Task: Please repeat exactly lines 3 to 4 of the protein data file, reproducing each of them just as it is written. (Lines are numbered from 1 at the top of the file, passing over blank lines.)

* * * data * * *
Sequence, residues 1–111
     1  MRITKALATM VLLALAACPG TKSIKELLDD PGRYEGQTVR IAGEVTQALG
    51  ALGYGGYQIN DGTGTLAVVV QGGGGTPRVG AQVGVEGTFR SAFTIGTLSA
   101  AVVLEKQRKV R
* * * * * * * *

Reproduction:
    51  ALGYGGYQIN DGTGTLAVVV QGGGGTPRVG AQVGVEGTFR SAFTIGTLSA
   101  AVVLEKQRKV R